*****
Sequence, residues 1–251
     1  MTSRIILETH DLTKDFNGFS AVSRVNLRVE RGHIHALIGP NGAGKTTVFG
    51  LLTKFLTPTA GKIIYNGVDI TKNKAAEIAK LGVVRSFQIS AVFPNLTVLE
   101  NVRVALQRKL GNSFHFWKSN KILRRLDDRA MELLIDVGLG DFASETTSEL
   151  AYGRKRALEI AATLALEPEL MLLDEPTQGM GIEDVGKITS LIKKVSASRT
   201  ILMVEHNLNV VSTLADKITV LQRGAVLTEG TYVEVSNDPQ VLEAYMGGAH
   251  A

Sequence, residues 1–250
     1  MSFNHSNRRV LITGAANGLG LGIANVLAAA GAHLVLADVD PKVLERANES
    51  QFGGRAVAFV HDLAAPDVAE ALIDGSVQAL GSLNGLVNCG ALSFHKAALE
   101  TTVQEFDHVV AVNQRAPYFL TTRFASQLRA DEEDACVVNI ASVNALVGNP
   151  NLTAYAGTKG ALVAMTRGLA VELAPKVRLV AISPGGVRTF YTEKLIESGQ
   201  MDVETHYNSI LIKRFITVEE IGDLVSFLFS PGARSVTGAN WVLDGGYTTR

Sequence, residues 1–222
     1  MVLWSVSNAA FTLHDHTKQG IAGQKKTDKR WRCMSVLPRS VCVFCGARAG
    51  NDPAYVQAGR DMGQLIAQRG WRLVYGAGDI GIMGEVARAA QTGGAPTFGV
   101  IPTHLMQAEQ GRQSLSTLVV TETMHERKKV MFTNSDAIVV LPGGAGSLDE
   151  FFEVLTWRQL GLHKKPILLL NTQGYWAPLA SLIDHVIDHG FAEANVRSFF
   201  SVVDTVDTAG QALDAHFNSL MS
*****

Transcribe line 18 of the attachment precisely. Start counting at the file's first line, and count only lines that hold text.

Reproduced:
   151  FFEVLTWRQL GLHKKPILLL NTQGYWAPLA SLIDHVIDHG FAEANVRSFF